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There's been a small, but important change made to the App Store

At the very least, it will make apps with in-app purchases a little more honest.

IF YOU’RE ACCESSING the App Store today, you may notice something a little different about how certain apps are listed.

Instead of the traditional ‘Free’ tag that’s given, these apps will now be listed as ‘Get’ instead. Also, the tag which states they include in-app purchases are still located underneath the download button.

App Store Get Source: App Store

This may seem like a minor change, but what it does is remove what was one of the more misleading elements of the app store. Labelling apps as ‘free’ when they included in-app payments was deemed misleading by the European Commission (EC), who criticised Apple and other online stores for the practice.

It was one of the changes proposed by the EC which also included banning exhortations to children, and ensuring that traders provide an email address so customers could contact them if required.

The other reason is that Apple doesn’t want to end up in another situation where it had to pay out $32.5 million to US customers for children’s purchases from its App Store. Labelling them as ‘get’ mostly protects it from any future scenarios where this might occur.

But what about the other two stores, Google Play and the Windows Phone Store? Both still list apps as free or install although Google Play at least mentions that in-app purchases are included.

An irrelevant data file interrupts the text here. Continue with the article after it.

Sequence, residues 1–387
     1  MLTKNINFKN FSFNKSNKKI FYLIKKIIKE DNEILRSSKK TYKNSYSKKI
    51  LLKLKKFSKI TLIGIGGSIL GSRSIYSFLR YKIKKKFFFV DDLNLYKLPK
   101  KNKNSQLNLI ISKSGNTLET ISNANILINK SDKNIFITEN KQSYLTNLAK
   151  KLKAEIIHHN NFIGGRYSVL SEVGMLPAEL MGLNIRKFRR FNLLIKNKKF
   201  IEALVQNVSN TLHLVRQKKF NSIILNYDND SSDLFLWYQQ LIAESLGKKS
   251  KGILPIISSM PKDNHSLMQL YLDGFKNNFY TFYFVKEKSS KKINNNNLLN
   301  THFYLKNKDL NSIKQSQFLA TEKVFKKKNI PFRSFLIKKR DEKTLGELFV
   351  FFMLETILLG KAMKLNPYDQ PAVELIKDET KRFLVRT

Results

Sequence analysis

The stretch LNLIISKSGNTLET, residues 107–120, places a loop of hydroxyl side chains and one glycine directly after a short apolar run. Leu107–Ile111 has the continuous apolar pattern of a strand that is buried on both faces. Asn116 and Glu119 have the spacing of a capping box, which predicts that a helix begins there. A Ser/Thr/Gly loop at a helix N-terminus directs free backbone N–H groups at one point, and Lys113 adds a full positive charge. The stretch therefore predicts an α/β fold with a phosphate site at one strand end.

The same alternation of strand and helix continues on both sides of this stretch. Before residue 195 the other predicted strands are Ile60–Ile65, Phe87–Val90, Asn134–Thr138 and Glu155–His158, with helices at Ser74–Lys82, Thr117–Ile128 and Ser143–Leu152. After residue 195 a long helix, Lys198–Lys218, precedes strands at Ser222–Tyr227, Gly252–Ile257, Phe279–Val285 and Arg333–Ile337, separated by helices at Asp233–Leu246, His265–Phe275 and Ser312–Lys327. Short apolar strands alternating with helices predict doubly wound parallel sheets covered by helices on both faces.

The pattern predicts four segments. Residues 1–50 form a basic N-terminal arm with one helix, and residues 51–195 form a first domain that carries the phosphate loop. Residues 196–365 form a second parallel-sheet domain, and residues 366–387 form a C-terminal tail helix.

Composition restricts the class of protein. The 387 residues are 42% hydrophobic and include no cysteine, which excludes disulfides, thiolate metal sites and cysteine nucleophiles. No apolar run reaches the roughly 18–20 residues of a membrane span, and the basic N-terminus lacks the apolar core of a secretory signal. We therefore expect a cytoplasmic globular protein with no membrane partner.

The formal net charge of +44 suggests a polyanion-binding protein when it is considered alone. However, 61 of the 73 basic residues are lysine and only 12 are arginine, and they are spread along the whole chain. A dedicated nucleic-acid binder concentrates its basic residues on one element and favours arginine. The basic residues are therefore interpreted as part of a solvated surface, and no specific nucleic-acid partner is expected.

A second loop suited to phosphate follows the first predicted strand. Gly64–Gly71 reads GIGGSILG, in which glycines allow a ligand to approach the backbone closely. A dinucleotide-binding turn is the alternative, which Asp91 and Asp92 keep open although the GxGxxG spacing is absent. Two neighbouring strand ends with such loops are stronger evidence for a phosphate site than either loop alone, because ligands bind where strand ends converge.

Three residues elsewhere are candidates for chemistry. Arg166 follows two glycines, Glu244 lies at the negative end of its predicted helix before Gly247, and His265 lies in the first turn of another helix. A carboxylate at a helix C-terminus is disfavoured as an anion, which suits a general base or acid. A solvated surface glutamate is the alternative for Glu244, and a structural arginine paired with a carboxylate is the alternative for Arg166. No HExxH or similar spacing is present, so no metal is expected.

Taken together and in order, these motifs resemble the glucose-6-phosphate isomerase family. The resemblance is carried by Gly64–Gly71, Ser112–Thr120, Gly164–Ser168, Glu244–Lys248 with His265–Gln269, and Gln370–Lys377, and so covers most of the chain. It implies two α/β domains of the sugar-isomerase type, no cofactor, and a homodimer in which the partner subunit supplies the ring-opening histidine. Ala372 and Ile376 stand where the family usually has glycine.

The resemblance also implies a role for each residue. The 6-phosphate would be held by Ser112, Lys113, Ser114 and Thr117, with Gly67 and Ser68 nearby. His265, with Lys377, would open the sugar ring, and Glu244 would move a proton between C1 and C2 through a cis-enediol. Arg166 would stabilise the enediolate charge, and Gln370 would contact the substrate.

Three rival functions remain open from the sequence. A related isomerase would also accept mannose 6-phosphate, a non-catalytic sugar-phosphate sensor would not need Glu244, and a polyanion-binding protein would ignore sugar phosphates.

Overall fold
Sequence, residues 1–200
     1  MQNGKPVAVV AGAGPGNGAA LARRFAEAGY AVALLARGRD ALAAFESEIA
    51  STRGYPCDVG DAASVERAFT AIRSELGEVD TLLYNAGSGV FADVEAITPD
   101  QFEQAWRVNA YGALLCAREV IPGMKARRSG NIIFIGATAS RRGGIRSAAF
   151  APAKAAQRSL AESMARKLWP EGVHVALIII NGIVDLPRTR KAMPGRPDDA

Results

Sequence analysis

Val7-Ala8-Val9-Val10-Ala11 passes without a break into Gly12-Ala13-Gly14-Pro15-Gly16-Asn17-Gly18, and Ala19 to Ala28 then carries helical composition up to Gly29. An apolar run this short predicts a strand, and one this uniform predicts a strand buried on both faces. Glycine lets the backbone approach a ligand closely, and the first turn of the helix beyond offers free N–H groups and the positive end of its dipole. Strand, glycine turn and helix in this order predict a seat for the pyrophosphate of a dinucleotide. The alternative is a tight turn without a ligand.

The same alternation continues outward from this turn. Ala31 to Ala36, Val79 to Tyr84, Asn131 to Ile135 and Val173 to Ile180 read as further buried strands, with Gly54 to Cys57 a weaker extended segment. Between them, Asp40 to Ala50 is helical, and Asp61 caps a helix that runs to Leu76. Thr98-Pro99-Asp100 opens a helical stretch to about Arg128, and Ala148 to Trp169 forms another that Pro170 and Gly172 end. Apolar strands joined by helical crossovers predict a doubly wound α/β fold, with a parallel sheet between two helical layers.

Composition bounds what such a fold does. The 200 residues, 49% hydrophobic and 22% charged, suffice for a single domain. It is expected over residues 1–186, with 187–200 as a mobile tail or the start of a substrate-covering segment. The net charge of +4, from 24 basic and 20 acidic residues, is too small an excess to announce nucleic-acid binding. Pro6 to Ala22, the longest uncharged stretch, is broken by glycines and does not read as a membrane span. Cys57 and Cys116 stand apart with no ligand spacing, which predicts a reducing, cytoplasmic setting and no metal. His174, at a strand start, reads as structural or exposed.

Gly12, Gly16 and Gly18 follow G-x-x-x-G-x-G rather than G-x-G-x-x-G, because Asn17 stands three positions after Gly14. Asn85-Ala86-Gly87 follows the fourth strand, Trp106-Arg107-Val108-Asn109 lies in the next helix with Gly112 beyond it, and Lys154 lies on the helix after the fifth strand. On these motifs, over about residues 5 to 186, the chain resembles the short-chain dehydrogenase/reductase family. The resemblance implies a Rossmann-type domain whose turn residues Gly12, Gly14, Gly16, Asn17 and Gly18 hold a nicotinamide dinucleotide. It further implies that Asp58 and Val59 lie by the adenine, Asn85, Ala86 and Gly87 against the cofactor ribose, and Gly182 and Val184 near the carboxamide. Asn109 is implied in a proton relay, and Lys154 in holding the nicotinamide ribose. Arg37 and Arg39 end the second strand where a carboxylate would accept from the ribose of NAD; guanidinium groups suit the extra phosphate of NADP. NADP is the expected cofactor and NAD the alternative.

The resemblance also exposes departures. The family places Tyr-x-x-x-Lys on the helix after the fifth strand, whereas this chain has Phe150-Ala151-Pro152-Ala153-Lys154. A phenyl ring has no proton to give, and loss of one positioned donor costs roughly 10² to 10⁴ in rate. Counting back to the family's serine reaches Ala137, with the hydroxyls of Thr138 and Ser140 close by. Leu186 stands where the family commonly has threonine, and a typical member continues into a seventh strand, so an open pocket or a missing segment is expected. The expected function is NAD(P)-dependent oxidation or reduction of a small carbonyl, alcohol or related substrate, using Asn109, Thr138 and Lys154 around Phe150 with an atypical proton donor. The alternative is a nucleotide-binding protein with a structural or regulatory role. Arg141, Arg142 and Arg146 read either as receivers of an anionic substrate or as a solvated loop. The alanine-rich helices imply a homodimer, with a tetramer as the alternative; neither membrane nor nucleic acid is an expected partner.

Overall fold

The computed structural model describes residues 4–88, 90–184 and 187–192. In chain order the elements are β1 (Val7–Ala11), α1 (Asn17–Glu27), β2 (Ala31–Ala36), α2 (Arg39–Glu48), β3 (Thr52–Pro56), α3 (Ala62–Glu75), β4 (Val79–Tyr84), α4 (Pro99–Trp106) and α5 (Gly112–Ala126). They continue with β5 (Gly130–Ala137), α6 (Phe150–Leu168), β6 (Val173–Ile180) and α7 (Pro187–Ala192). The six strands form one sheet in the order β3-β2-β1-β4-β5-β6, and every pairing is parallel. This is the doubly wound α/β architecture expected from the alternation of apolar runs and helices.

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Google Play Store Source: Google Play

While the Windows Phone Store just labels them as free, not really mentioning in-app purchases unless the developer places it in the app’s description.

Windows Phone app store Source: Windows Phone

While it’s a positive first step from Apple, you should still take the necessary precautions to ensure you’re not stung by in-app purchases, especially if you have kids using your phone or tablet.

While it’s been covered before, there are a number of steps you can take like:

  • Turning off the grace period which activates after you’ve entered in your password.
  • Turning off in-app purchases completely.
  • Keeping your password to yourself (don’t tell your kids what it is because it’s easier).
  • Using a gift card to keep in-app purchases (and purchases) controlled.

Read: Privacy shouldn’t be sacrificed for safety from crime, survey finds >

Read: This handy new tool could stop a government from spying on you >

About the author:

Quinton O'Reilly

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